"I will attack no man," said George. "All I ask of this country is to be let alone, and I will go out peaceably; but"—he paused, and his brow darkened and his face worked—"I've had a sister sold in that New Orleans market, and am I going to stand by and see them take my wife and sell her, when God has given me a pair of strong arms to defend her?


No; God help me! I'll fight to the last breath, before they shall take my wife and son. Can you blame me?"

  "Mortal man cannot blame thee, George. Flesh and blood could not do otherwise," said Simeon.

  "Well," said George, "isn't it best that we hasten our flight?"

  "I got up at four o'clock, and came on with all speed, full two or three hours ahead of them, if they start at the time they planned. It isn't safe to start till dark, at any rate. I will go over to Michael Cross, and engage him to come behind on his swift nag, and keep a bright look-out on the road, and warn us if any company of men come on. Michael keeps a horse that can soon get ahead of most other horses; and he could shoot ahead and let us know if there were any danger. I am going out now to warn Jim and the old woman to be in readiness, and to see about the horses. So, have good courage, friend George; this isn't the first ugly scrape that I've been in with thy people," said Phineas, as he closed the door.

  "Phineas is pretty shrewd," said Simeon. "He will do the best that can be done for thee, George."

  "All I am sorry for," said George, "is the risk to you."

  "Thee'll much oblige us, friend George, to say no more about that. What we do we are conscience bound to do; we can do no other way. And now, mother," said he, turning to Rachel, "hurry thy preparations for these friends, for we must not send them away fasting."

  And while Rachel and her children were busy making corn-cake, and cooking ham and chicken, George and his wife sat in their little room, with their arms folded about each other, in such talk as husband and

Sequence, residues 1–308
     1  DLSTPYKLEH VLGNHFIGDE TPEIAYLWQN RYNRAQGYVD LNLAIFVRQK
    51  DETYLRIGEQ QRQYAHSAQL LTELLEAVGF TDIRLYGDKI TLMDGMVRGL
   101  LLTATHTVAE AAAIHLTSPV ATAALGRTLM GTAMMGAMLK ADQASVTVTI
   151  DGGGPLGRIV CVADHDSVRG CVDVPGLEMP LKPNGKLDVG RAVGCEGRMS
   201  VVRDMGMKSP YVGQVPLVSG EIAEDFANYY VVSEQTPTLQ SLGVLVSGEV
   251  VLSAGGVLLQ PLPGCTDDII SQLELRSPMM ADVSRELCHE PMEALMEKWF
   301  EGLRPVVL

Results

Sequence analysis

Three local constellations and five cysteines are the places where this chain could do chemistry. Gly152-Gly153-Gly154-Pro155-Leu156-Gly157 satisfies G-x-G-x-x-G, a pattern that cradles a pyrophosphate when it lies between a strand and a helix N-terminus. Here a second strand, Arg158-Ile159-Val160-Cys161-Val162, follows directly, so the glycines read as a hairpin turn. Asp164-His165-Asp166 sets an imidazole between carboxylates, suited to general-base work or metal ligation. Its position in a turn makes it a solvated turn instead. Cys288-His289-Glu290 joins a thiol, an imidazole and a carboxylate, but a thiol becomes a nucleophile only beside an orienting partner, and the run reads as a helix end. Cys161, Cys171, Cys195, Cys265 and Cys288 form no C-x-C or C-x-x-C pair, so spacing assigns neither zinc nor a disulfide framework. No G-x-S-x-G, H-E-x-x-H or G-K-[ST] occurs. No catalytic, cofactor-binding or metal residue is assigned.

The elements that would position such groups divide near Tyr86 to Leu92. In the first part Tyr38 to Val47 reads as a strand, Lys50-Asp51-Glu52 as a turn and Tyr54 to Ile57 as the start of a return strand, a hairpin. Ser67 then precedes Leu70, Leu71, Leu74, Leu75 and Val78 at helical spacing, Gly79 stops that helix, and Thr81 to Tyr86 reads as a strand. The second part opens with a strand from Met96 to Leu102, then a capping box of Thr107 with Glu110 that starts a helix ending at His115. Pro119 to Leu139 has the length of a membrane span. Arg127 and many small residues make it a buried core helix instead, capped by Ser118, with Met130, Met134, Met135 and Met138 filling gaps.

wife have when they know that a few hours may part them forever.

  "Eliza," said George, "people that have friends, and houses, and lands, and money, and all those things can't love as we do, who have nothing but each other. Till I knew you, Eliza, no creature had loved me, but my poor, heart-broken mother and sister. And now, Eliza, I'll give my last drop of blood, but they shall not take you from me. Whoever gets you must walk over my dead body."

  "O Lord, have mercy!" said Eliza, sobbing. "If he will only let us get out of this country together, that is all we ask."

  And now Rachel took Eliza's hand kindly, and led the way to the supper table. As they were sitting down a light tap sounded at the door, and Ruth entered.

  "I just ran in," she said, "with these little stockings for the boy—three pair, nice, warm woollen ones. It will be so cold, thee knows, in Canada.

  "Keep up good courage, Eliza?" she added, tripping round to Eliza's side of the table, and shaking her warmly by the hand, and slipping a seed-cake into Harry's hand. "I brought a little parcel of these for him," she said, tugging at her pocket to get out the package. "Children, thee knows, will always be eating."

  "Oh, thank you; you are too kind," said Eliza.

  "Good-by, Eliza; good-by, George; the Lord grant thee a safe journey;" and, with a few tripping steps, Ruth was out of the apartment.

  A little while after supper, a large covered-wagon drew up before the door; the night was clear starlight; and Phineas jumped briskly down from his seat


to arrange his passengers. George walked out of the door with his child on one arm and his wife on the other. His step was firm, his face settled and resolute. Rachel and Simeon came out after them.

  "You get out, a moment," said Phineas to those inside, "and let me fix the back of the wagon, there, for the women-folks and the boy."

  Jim came out first, and carefully assisted out his old mother, who clung to his arm, and looked anxiously about, as if she expected the pursuer every moment.